"Since I am interested in both of these genres, it would be correct to say that at the same time I am – an eccentric (rock) academic musician, as well as an academic rock musician. Since the time that I studied at the Mediņš College of Music, I have been obsessed with symphonic rock ideas: in academic music I search for the features of rock music, in turn in rock music I was missing the symphonic. It is wonderful that I have had the opportunity to realize both of these tendencies and work in both fields."
Juris Kulakovs is one of the rare composers who are actively involved in both rock music and in the academic field.
Juris Kulakovs was born on May 20th, 1958, in Līvāni. He finished the 1st High School of Līvāni and the Children’s Music School (1975) were he learned to play the accordion and, as an elective, he learned to play the trumpet. After that he specialized in the accordion at the Jāzeps Mediņš College of Music (1979). At the Latvian State Conservatory, he graduated the wind and popular orchestra director and conductor class (1984, Raimonds Pauls and Alnis Zaķis, instructors) and studied composition with Pēteris Plakidis (1985–1990).
He is a multi-instrumentalist, and he is self-taught on the great majority of musical instruments that he plays. As of 1978, he has been playing in the ensemble Menuets. At the end of the 70s, he formed the instrumental jazz-rock group Arka. In 1981, he founded the rock group Pērkons, who became of the most beloved groups of the youth, and one of the most loathed groups by the Soviet cultural bureaucracy. Characterising the rock music work of Juris Kulakovs, Klāss Vāvere wrote: "In his heart he is always a convincing showman. He persistently balances his songs and the performance manner of Pērkons between theatrical extroversion, socially grotesque irony, and a true musical experience" (Liesma, 1989, No. 12). Foretelling the Reawakening Period in Latvia, a nationalistic breeze could be felt in the work of Pērkons. As opposed to the majority of Latvian groups, Pērkons’ lyrics were not written by the band, but mainly were written by respected contemporary progressive poets. Pērkons was also known for unusually loud music for Soviet times, noisy behaviour, and were one of the first groups in Latvia that used pyrotechnics. Young listeners at Pērkons’ concerts felt free, rose to their feet, and openly expressed their emotions. These facts were the reason that militiamen stood guard while the band was performing, Juris Kulakovs was repressed – in the Ministry of Culture the composer was unable to find work, and it was even suggested to him that he emigrate from Latvia. Twice (in 1983 and 1985) Pērkons was prohibited from playing. Even until 1987, the group played underground. The first, self-released Pērkons albums came in 1983, Mākslas darbi (Works of Art) (1981) and Zibens pa dibenu (Lightning to the Behind) (1982) – the songs were recorded on cassette tapes and copied innumerable times, achieving an enormous circulation. The album Vēl ir laiks (There is Still Time) was released in Germany (1984, Cultural Rescue Society). Klusā daba ar perspektīvu (Still Life With Perspective) (1985) and Labu vakar (Good Evening) (1987) were released and sold out in the United States (1989, the American Latvian Youth Association), and Latviskā virtuve (Latvian Kitchen) was released in France (1991, Pērkons self-release).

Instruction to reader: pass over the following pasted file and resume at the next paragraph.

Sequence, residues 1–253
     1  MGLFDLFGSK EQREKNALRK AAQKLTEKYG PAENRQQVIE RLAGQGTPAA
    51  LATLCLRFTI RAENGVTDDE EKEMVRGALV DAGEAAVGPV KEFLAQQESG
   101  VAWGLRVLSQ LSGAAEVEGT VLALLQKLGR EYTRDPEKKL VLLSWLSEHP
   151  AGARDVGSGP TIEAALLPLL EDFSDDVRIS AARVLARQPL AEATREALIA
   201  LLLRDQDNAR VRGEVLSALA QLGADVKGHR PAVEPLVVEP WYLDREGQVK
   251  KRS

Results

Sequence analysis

As a keyboardist, Juris Kulakovs took part in the singer Ieva Akuratere’s and actor Edgars Liepiņš’s solo programs, being involved in many different rock music projects (the Kristaps Grasis group, and others). He performs as a piano accompanist and forms popular musical arrangements, and works with the three tenors Miervaldis Jenčs, Nauris Puntulis, and Guntars Ruņģis. He also works as a producer of recordings. With the group Menuets he has given concerts in Poland, the German Democratic Republic (1979), and with Pērkons in the United States, Canada, France, Sweden (1989-1998), with Ieva Akuratere in France (1994), with Edgars Liepiņš in Australia (1995), with the Three Tenors in the United States (2002).
The composer has played synthesizers and electric organ at symphonic music concerts, has worked together with many notable conductors, including Vassily Sinaisky, Aleksandrs Viļumanis, and Normunds Šnē. He conducted the recording of the musical Latvijas karalis (King of Latvia) at Latvian Radio, the recording of the album The Beatles. Neaizmirstamo melodiju simfonija (The Beatles. Unforgettable Melody Symphony), and the performance of the comical cantata Artūrs – jūrasbraucējs (Artūrs – Seafarer). He performed the role of Eduards Veidenbaums in the television film ...Bet vilciens brauc (...But the Train is Leaving) (director Arvīds Babris). Doubling the actor Jānis Kaijaks, he played the role of the African-American pianist in the William Saroyan play Tavas dzīves laiks (The Time of Your Life) (director Juris Rijnieks, National Theatre).
In the history of Latvian music, Juris Kulakovs is the first composer, to whose fountain pen belong a passion (Mateja pasija [St. Matthew’s Passion]) and a video opera (Debešķīgā nepieciešamība [Heavenly Necessity]). He received an awarded for best musical performance in dramatic theatre in the 2001/2002 season (the musical Mazais princis [The Little Prince]) and was recognized as the best composer of the 2002/2003 season at the Liepāja Theatre. As of 2002, Juris Kulakovs is a member of the Latvian Composer’s Union.
Mārīte Dombrovska © LMIC